Howdy campers. I think for many people who love to backpack, the idea of walking off the suburban path to enjoy the purer essence of the world we live in sums up the appeal pretty nicely. With time this experience changes from a visit, to a true immersion into nature. We become more comfortable with the experience, the surroundings and the feel of being part of nature, not simply seeing it.
One way to make an outdoor experience richer is to become familiar with the plant life you’re likely to encounter. Just knowing the names of the flowers, plants and trees you come across can be a very engrossing part of the backwoods experience. But, actually understanding the uses of the flora can change your outlook on the landscape entirely. It’s important to understand that learning which plants can be eaten or used medicinally can take years and takes some diligence and patience to learn. But today I’ll give you a few examples plants, native to Utah, that are easy to find, identify and use. This will give you a taste (literally in some cases) of the concept so you can decide for yourself if you would like to learn more.
Willow Bark (from the Genus Salix containing over 400 individual species. I know I know, you already knew that…just covering my bases here). Think of this as nature’s aspirin. Willow barks use has been traced back thousands of years. It can be used to help with minor pain from:
Muscle Pain (with plenty of H2O)
Back Pain (especially lower)
I also had a trail mate once tell me it’s also great for the cocktail flu (hangovers)…bonus!
Essentially anything that could fall under the “mild discomfort” umbrella
Willow bark is best prepared as a tea. Just boil up a small handful of crushed, dried bark into 8-12 oz of water and boil for 15 minutes or so. Let it steep for another 30 minutes as the water cools, then strain and drink in sips. Chase it with an equal amount of good clean water
Sego Lily (Calochortus nuttallii): As Utah’s state flower, I thought I should give a horticultural shout out to the Sego Lily. The edible bulb on this white, three petaled flower can be roasted in a little in olive oil to kick any meal up a notch with some starchy, somewhat nutty tasting goodness, BAM! They can also be boiled and mashed up to add body to a soup or stew. Try tossing a handful in with your favorite trail curry, and you’ll be in Calochortus nuttallii heaven.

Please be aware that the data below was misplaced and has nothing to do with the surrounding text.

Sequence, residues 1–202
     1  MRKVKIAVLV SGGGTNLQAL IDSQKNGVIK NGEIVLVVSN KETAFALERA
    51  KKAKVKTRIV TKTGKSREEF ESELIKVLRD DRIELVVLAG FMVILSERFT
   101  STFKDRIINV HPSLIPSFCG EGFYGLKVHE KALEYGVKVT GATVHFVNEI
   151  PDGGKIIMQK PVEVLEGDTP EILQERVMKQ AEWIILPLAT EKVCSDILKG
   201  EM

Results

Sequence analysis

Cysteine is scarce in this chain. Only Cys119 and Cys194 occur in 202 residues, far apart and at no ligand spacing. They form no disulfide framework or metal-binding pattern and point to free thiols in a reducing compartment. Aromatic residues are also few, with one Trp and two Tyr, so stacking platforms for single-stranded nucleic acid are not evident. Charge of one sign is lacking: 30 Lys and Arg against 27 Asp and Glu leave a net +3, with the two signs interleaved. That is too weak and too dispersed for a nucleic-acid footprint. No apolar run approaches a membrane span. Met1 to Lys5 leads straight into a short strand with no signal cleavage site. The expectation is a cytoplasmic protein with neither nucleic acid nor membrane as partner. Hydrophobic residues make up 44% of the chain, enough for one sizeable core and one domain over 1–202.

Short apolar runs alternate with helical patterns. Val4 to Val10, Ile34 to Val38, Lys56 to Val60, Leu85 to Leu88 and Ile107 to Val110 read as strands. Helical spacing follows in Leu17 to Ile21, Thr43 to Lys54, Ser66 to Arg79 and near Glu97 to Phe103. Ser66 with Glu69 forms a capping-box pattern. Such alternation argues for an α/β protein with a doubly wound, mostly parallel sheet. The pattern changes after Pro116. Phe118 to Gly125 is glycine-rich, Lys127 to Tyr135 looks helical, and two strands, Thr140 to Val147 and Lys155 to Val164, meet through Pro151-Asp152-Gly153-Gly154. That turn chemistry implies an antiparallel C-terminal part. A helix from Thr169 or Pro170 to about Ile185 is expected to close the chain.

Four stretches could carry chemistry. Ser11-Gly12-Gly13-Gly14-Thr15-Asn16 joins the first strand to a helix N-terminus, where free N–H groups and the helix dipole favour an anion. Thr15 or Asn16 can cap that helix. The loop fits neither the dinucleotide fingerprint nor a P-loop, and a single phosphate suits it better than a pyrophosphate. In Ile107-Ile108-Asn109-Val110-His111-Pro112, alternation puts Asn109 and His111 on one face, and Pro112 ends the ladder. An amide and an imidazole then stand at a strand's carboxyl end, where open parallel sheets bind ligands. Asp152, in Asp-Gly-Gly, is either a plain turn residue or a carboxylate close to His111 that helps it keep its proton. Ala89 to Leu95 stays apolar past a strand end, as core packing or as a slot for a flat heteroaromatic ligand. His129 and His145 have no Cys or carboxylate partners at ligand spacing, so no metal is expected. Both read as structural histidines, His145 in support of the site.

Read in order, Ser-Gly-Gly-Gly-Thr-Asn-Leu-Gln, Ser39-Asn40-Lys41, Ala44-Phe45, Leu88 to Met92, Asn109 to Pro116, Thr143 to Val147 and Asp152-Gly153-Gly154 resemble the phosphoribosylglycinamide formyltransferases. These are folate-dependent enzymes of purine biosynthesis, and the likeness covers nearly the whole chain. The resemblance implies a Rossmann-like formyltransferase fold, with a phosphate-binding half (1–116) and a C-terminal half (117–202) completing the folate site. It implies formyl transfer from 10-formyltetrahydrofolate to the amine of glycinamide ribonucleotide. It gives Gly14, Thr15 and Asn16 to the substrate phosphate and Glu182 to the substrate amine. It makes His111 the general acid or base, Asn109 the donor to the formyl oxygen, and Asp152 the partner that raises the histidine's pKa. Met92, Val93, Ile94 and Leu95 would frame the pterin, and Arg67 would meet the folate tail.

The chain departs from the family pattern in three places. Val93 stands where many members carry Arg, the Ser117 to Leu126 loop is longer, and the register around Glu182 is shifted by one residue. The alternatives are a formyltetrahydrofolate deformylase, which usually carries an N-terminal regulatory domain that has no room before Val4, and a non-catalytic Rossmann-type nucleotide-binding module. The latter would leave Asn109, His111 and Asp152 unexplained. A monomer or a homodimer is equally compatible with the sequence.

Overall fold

Trailside botany is a fun and interesting knowledge set to acquire. And should you decide to refine that knowledge to where it becomes useful then you can have some very cool experiences. You may be very surprised at how many plants you used to walk right past that have a use or previously unknown attribute.
The skillset is a very large one however. It’s best approached a little at a time. Start with an excellent book that is based on the region like this (my personal fav…thanks Jenni) or this, and take some time each trip to identify the plants you come across. It can be a little frustrating to set out looking for a specific flower or plant if you don’t know where to find them. Explore different environments like shady gullies, or sunny hillsides, streamsides and sandy rocky outcroppings. Each plant has a favorite place to live, and in time you will learn where to look for each.
Thanks for stopping by, and as always I’ll see you on the trails
QUICK TIP: The most common cause of muscle cramping is dehydration. If you experience cramps, either on the trail or after you have stopped for the day, get some H2O into the bloodstream. Don’t chug it, but get a litre on board relatively quickly and then keep sipping after that. The midnight potty break might be inevitable, but it beats the midnight charlie horse!